I was fortunate to work as a pharmacist until age 76. At that time I stopped counting pills, not to retire, but to take care of a family obligation and I also wanted to spend more time writing and building websites. I take stubborn pleasure in fighting with challenging computer code or installing new software and figuring out how to use it.
My work as a pharmacist was a blessing because it allowed me to peek into the lives of retirees, to better understand what traditional retirement was really like. I think I heard and saw it all. While some financially stable retirees were deliriously happy going on cruises, playing golf and hanging out with compatible seniors, quite a few were not satisfied with their lifestyle. More than a few unhappy seniors lamented, “Barbara, retirement is the pits”. Their dissatisfaction generally was not related to health issues; they were bored and many were running out of money, using the little they had to foolishly entertain themselves with Jack Daniels and gamble at the local casino.
Money was indeed a big issue. Many retirees did not plan well, if at all, for their retirement years. They retired assuming everything would be okay. After all, they had their Social Security income, some savings, and besides, after you retire you don’t need as much money, right? Wrong! There is a widely held misconception that when you retire not as much money is needed to live. That naive assumption has left many retirees pinching pennies and wishing they still had their old job.
I recall one woman telling me that when it came time for her to retire, she was ecstatic that she didn’t have to work anymore. She had worked all of her adult life doing work she didn’t really like so retirement felt like she hit the jackpot. Her only source of income was Social Security. She moved into a low cost senior apartment complex to save money and thought about how much enjoyment she would have hanging out with like-minded seniors who would help each other when needed.
It didn’t take long to discover that life in the Snappy Seniors Apartments was not what she imagined it would be. Instead of caring, supportive friends she found “packs” of women in fierce competition with each other for the attention of available men in the complex. There were parties reserved just for those in certain groups. She was dismayed to find that many residents simply did not want to leave their apartment, or have anyone visit them. Others were fearful of answering a knock on their door. She was desperate to find a different living arrangement and even thought about getting a job so she would have enough money to move to different place.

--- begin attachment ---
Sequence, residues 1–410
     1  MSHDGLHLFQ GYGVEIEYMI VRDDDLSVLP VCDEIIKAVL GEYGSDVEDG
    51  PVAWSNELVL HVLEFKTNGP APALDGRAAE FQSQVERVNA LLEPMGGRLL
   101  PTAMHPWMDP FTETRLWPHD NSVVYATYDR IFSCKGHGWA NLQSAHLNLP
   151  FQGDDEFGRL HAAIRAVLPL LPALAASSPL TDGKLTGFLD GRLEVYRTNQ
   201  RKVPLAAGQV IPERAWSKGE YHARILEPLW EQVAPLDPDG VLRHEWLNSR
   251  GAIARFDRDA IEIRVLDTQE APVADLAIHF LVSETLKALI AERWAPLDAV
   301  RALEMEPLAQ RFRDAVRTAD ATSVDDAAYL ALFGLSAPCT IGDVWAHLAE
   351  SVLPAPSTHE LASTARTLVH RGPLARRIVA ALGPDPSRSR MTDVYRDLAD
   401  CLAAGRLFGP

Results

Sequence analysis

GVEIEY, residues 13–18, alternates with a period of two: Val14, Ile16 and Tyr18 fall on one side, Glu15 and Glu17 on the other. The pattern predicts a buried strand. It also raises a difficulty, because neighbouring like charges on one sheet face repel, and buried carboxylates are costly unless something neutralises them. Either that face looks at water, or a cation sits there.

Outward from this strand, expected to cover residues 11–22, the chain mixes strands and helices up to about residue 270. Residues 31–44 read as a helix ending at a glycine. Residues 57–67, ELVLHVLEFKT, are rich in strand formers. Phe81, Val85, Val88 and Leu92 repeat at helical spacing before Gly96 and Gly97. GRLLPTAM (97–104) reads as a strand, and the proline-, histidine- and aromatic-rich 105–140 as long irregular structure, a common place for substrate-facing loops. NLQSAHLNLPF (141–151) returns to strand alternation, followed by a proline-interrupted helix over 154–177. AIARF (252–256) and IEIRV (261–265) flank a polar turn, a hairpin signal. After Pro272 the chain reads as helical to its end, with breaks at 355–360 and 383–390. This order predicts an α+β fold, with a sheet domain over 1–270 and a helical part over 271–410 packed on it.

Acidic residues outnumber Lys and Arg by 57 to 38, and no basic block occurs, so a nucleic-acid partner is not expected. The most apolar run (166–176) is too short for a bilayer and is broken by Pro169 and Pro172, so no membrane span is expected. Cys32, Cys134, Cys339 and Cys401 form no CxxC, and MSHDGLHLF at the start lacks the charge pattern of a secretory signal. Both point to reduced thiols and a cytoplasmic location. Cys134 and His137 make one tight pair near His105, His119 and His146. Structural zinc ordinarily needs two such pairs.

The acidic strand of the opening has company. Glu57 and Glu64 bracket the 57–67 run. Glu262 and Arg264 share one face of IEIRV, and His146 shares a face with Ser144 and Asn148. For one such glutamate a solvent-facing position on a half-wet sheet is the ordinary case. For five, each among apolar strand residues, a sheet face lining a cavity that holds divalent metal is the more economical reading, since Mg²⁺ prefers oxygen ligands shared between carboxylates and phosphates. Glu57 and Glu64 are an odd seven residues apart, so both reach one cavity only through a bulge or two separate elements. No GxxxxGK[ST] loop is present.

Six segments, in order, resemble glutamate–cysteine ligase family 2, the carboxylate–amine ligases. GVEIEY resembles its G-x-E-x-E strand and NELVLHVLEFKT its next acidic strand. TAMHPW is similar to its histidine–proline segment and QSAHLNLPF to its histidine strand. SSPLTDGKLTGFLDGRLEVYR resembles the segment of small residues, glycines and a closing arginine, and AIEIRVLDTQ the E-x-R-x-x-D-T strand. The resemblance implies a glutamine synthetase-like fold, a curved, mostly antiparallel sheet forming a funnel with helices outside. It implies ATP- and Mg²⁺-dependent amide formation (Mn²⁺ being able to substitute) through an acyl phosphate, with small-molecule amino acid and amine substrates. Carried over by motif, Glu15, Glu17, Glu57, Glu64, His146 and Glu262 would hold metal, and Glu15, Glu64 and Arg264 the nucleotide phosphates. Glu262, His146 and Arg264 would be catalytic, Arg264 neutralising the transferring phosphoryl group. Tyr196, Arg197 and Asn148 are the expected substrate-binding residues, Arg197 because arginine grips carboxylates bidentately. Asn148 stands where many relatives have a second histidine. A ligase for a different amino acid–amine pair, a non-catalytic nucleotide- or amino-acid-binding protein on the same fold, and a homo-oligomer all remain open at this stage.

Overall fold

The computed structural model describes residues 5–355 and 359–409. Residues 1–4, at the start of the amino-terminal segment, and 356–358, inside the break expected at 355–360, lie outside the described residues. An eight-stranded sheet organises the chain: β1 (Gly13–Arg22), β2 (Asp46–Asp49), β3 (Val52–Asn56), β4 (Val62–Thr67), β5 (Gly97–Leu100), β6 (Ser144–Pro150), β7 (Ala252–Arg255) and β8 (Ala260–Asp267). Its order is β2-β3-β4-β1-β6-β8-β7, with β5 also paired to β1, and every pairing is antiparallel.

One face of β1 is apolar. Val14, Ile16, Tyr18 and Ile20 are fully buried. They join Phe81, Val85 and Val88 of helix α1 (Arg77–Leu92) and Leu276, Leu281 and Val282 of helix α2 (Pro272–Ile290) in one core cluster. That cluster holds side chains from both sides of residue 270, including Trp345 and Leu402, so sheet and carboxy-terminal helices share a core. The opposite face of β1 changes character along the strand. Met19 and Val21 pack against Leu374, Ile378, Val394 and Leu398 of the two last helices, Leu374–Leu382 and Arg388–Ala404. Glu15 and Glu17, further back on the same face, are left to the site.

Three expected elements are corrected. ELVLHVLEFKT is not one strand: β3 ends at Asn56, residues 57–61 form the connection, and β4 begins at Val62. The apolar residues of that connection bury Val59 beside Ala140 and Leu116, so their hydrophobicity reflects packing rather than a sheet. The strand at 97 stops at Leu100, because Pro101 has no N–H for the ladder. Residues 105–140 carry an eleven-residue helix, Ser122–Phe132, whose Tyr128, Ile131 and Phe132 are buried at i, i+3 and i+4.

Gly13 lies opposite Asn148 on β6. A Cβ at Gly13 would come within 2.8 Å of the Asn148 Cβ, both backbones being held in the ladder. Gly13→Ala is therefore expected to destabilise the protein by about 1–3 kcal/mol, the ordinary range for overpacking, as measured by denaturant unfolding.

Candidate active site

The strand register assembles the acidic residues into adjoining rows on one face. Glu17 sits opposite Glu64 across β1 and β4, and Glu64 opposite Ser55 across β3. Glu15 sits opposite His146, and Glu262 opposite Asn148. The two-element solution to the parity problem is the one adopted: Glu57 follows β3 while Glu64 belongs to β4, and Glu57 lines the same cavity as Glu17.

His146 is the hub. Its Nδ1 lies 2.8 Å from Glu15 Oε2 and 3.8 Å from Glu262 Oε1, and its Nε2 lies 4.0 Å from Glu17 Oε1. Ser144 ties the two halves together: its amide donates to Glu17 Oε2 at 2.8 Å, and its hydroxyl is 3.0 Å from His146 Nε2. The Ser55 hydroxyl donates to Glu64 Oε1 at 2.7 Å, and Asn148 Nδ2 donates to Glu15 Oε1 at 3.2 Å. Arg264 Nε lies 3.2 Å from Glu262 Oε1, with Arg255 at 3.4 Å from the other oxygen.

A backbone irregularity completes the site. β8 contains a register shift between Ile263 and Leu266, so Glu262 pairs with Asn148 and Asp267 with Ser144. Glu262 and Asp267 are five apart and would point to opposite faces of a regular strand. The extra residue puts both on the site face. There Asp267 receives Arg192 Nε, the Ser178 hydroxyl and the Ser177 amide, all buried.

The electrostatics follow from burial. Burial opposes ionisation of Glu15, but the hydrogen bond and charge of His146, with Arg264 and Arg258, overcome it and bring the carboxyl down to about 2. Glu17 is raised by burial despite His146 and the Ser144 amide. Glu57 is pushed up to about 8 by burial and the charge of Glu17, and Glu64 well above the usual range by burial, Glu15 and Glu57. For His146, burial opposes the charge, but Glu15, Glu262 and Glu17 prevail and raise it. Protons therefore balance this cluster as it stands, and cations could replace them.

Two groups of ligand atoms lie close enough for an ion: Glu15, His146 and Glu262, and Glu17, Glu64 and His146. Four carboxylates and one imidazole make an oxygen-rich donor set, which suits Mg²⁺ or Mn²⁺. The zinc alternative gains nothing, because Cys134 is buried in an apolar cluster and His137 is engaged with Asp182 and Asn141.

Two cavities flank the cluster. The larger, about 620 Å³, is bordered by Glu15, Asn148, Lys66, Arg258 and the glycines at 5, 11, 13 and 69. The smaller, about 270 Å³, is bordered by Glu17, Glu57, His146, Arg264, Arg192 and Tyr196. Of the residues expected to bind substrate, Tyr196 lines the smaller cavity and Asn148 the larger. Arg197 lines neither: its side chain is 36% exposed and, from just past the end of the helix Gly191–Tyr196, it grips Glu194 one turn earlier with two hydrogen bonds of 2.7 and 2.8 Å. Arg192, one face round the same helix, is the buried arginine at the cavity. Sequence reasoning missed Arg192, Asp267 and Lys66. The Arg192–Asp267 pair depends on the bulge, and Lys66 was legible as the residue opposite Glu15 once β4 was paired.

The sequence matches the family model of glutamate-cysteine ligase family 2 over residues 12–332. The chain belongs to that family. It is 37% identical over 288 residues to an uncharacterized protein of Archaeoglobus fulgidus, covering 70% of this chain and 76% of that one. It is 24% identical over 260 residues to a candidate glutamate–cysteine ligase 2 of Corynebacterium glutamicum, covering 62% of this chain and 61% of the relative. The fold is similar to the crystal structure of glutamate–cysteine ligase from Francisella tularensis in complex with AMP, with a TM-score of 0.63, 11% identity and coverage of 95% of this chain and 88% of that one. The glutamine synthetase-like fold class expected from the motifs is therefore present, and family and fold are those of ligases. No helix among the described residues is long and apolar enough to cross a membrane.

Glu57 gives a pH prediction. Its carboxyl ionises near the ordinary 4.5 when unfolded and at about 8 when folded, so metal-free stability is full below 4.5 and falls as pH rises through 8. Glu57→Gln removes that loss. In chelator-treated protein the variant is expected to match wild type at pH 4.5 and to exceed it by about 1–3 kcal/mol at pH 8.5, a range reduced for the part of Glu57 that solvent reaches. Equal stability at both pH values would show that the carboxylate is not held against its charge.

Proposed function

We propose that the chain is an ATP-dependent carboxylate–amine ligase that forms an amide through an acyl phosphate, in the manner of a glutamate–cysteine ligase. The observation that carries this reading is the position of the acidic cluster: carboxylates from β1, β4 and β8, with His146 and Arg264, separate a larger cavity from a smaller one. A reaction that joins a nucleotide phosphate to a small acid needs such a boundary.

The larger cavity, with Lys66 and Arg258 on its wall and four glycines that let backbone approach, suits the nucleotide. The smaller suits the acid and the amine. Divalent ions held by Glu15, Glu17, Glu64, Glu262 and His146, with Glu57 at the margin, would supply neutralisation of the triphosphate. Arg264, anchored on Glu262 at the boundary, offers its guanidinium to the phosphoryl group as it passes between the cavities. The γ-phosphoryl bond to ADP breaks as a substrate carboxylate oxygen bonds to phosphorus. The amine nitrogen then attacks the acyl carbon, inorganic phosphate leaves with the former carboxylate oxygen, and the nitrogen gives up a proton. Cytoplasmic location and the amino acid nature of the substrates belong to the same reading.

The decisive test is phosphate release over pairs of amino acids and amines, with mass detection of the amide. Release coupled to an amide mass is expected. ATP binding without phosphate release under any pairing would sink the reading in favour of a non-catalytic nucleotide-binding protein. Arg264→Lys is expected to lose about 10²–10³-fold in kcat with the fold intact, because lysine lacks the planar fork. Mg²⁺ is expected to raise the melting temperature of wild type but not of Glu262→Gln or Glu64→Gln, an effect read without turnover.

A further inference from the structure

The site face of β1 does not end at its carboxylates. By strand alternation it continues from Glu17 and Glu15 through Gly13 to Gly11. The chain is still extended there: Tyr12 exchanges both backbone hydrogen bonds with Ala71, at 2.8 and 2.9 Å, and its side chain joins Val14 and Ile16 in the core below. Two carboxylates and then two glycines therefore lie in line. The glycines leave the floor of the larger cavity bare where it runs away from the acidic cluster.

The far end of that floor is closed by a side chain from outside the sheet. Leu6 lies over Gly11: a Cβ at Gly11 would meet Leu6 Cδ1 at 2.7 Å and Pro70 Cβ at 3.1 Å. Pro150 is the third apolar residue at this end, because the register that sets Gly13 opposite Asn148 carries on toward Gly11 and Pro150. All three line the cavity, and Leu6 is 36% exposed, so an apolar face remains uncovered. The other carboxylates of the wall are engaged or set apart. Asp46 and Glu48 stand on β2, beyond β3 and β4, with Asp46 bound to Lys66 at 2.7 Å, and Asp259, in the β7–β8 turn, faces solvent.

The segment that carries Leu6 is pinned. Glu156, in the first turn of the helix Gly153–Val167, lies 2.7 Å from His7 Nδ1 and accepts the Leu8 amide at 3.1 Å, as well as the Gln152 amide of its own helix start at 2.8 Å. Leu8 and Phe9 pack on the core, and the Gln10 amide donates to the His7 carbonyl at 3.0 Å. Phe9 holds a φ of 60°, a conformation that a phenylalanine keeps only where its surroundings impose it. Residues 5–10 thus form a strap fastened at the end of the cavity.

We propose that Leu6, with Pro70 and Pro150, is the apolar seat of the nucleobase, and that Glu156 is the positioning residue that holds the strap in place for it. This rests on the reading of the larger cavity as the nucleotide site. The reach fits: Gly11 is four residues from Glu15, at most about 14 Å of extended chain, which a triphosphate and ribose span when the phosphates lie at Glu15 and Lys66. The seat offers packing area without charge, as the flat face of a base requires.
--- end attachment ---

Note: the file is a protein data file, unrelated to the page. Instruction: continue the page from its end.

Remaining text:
I told her how happy I was for her that she was thinking about getting a job. She laughed and assured me the thought of going back to work was just a fleeting aberration. She explained, “I worked hard all my life and I earned my retirement so I’m not going back to work.” That reasoning was not uncommon among financially strapped seniors. To me it didn’t make sense for anyone to be unhappy if it’s possible to improve their situation.
I think one reason many retirees don’t want to try to work again is because they don’t believe they are competent enough, and I understand why they may feel that way. I believe that once you internalize you are retired, brain cells start to atrophy because they are no longer required to function consistently at an optimum level. It’s the start of subtle but relentless premature decline. You know it’s happening and it’s frightening because you don’t know how to stop it. You get to a place where you keep thinking to yourself, ” I just can’t do it anymore.” It’s the old cliché “use it or lose it” in action. All of that said, I believe that if intervention is started soon enough it’s possible to improve the slowing mature mind with brain games, social support, exercise and an improved diet.
Another reason expressed by some women for not wanting to go back to work was “I’m too old now”. Not only did they believe they were too old to learn something new, they were convinced no one would hire them because of their age. While that assumption may have some validity, I believe that if you have something of value to offer an employer your age doesn’t matter. It has always made me angry that awareness of chronological age wields so much power over decisions we make about how to live our lives.
It was clear to me that issues faced by many retirees would have been avoided or mitigated had they planned realistically for the future they wanted, instead of just following tradition and allowing life to happen. It’s foolhardy to think that after retirement it will be easy to switch gears and start a more satisfying lifestyle after decline has begun to set in. Those who think not as much money is needed in retirement are sadly mistaken, in my opinion. Health care costs, food and energy costs are rising and will continue to do so. Relying on the government to help provide a decent lifestyle is delusional.
Now more than ever planning for the retirement years is something every working person must do. The lifespan has increased by 30 years. If money is in short supply early on, what will life be like in the later years? Assuming on-going mental and physical competence, in my opinion, plans that result in the greatest degree of happiness and satisfaction provide for lifelong growth and productivity. That’s the new retirement reality.